HomeNews720p vs. 1080p? Go with your eyes.

720p vs. 1080p? Go with your eyes.

720p vs. 1080p? The Samsung 32″ LN-T3253H vs. the Sharp Aquos 32″ LC32D62U. A real life story.

There I stood at the crossroads. Two 32″ LCD HDTVs, both on sale for $1299. One a 720p, the other 1080p. “1080p?, “For the same price?” Every tech bone in my body said “1080p, 1080p, 1080p”. I hadn’t originally thought about 1080p as it wasn’t in my budget. But now there was a chance to get 1080p for what I was going to spend anyway!

But every visual bone in my body said no. One of these monitors is a better image. I asked myself, “Do you want a better image or to be able to brag to your friends that you have a 1080p?” So against all my previous techie inclinations, I got the lower res monitor.

The monitors in question are the Samsung 32″ 720p (LN-T3253H) LCD and the Sharp Aquos 32″ 1080p (LC32D62U) LCD. Both are the newest models from each manufacturer. The Samsung is their top model in that category. The Sharp is their first in a line of only 1080p monitors.

I spent an hour at the shop comparing both monitors. Without doing too much tweaking of the settings, and viewing them from about 7ft away, the monitors looked virtually the same. They both had great color saturation. Where they differed in specifications (besides resolution) was the contrast ratio. The Sharp LC32D62U has 10,000:1 while the Samsung LN-T3253H only has a 8,000:1 contrast ratio. Although the numbers varied, it was hard to see a huge difference in the contrast. Poor lighting may have accounted for this. (Contrast both of these monitors with Pioneer’s Kuro series boasting 20,000:1 contrast ratio – ouch!)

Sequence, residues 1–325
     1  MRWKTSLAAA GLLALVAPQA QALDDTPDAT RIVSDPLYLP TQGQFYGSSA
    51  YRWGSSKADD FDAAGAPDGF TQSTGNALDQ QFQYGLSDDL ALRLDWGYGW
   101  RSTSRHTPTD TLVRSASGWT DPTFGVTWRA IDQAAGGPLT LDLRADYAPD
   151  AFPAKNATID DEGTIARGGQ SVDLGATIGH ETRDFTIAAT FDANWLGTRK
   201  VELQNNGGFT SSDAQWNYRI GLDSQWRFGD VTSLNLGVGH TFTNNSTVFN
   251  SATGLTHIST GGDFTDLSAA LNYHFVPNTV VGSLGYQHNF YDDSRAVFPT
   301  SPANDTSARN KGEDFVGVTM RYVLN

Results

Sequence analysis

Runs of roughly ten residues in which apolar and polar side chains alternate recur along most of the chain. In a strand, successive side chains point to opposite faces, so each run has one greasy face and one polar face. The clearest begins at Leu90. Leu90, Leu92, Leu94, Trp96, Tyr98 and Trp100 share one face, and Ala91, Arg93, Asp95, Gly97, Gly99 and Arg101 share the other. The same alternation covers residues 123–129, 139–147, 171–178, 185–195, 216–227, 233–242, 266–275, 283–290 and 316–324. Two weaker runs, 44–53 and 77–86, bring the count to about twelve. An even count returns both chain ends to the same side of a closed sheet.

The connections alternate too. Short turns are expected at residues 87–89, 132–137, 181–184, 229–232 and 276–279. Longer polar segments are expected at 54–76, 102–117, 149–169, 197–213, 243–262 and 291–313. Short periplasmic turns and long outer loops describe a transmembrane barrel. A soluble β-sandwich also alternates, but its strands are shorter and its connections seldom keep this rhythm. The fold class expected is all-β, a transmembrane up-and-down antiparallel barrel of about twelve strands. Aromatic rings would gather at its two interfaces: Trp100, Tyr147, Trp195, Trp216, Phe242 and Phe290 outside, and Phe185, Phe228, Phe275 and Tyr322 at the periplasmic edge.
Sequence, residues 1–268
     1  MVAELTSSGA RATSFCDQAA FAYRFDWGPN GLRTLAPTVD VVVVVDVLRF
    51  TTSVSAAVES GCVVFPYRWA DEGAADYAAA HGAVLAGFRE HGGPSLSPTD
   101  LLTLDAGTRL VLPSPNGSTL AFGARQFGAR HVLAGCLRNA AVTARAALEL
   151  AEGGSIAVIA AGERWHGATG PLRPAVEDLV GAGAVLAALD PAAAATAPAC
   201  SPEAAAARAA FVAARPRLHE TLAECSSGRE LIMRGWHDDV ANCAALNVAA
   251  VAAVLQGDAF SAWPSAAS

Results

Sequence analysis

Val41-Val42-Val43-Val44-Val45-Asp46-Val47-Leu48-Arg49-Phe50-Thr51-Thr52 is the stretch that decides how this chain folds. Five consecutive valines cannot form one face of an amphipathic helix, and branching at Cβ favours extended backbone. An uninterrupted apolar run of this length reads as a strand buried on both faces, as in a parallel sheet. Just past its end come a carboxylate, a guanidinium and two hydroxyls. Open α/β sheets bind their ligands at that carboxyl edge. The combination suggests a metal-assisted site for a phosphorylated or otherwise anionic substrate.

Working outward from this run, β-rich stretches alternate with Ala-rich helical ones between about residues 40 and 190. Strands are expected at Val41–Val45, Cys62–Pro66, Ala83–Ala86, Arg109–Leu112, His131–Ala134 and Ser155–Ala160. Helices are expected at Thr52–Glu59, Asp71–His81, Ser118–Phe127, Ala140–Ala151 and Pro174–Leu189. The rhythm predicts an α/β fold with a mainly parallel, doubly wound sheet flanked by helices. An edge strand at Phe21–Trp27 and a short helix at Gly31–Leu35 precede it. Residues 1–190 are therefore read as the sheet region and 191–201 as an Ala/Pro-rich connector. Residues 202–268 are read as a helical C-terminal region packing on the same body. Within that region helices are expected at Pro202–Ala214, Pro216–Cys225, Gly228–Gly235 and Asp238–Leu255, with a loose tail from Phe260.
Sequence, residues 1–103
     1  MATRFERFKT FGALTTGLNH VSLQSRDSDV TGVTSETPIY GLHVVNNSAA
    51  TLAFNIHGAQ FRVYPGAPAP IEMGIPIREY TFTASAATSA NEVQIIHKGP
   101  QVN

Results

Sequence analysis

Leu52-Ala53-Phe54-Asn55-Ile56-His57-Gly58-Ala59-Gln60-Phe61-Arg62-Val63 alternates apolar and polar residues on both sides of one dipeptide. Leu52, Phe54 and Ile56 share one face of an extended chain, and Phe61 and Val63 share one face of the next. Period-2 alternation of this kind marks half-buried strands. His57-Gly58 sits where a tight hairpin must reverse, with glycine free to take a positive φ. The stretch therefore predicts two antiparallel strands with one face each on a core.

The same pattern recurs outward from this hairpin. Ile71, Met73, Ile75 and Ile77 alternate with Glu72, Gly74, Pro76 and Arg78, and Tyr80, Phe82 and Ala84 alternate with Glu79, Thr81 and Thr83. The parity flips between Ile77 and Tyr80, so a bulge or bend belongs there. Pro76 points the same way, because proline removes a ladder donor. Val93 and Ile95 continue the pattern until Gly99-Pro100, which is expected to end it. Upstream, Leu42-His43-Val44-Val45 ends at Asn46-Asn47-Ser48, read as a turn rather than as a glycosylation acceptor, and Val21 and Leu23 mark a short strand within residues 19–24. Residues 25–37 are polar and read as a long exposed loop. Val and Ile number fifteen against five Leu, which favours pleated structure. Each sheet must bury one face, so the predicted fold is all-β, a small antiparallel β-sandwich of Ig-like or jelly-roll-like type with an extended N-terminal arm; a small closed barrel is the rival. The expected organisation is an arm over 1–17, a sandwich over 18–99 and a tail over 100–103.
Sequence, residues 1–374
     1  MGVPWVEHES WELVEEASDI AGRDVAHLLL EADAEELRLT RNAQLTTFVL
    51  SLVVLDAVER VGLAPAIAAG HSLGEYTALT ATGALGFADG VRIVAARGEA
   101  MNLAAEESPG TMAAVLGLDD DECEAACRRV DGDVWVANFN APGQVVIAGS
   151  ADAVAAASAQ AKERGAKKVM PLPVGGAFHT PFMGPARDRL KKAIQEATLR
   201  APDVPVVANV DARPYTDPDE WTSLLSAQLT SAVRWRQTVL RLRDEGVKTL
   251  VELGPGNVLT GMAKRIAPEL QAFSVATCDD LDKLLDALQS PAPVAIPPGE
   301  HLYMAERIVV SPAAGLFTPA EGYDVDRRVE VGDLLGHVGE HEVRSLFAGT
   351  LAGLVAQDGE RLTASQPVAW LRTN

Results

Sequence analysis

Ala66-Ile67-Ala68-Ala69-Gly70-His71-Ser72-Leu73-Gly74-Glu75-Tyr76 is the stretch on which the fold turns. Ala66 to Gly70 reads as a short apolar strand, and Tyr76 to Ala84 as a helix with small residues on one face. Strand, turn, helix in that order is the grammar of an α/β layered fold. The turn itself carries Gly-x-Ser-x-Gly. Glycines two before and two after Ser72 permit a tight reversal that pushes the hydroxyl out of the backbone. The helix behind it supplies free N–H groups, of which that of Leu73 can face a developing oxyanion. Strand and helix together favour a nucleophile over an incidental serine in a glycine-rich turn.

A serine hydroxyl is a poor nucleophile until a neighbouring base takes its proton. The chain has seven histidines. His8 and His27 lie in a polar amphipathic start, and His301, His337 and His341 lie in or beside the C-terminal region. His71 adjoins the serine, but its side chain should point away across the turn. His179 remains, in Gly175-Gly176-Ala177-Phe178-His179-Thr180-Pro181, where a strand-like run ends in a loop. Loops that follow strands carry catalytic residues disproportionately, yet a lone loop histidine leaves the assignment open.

The Sharp also had the 1080p edge. So I asked one of the store techs to set up a test between both monitors, using hi def footage directly from a hard disk. It was hard to notice much difference. Keep in mind, that at 32″, 1080p is a lot harder to distinguish than if we were testing 42″ or 50″ monitors. So, even after this test, I wasn’t swayed in either direction.

The thing that convinced me to go with the Samsung 720p was sharpness. The Samsung just had a crisper image. The Sharp, although it’s name implies something otherwise, was not quite as “sharp”. Having purchased a Sharp Aquos LCD several years ago, I had been skeptical of the Aquos line of monitors being as crisp as others. And, after comparing the models side by side, I was truly convinced that the Samsung was right for me.

But sharpness isn’t for everyone. Look at plasmas, they are not as sharp as LCDs, but they have other qualities such as contrast ratio and color saturation that make the decision a hard one to make. My best advice is, go with your eyes. Go with your taste. Sometimes the higher resolution isn’t always the right resolution.

HD Report
HD Reporthttps://hd-report.com
HD Report provides news, commentary, and information about home entertainment media and technology. HD Report has been a Google News partner since 2006, and can also be found on Twitter, Apple News, and Facebook.


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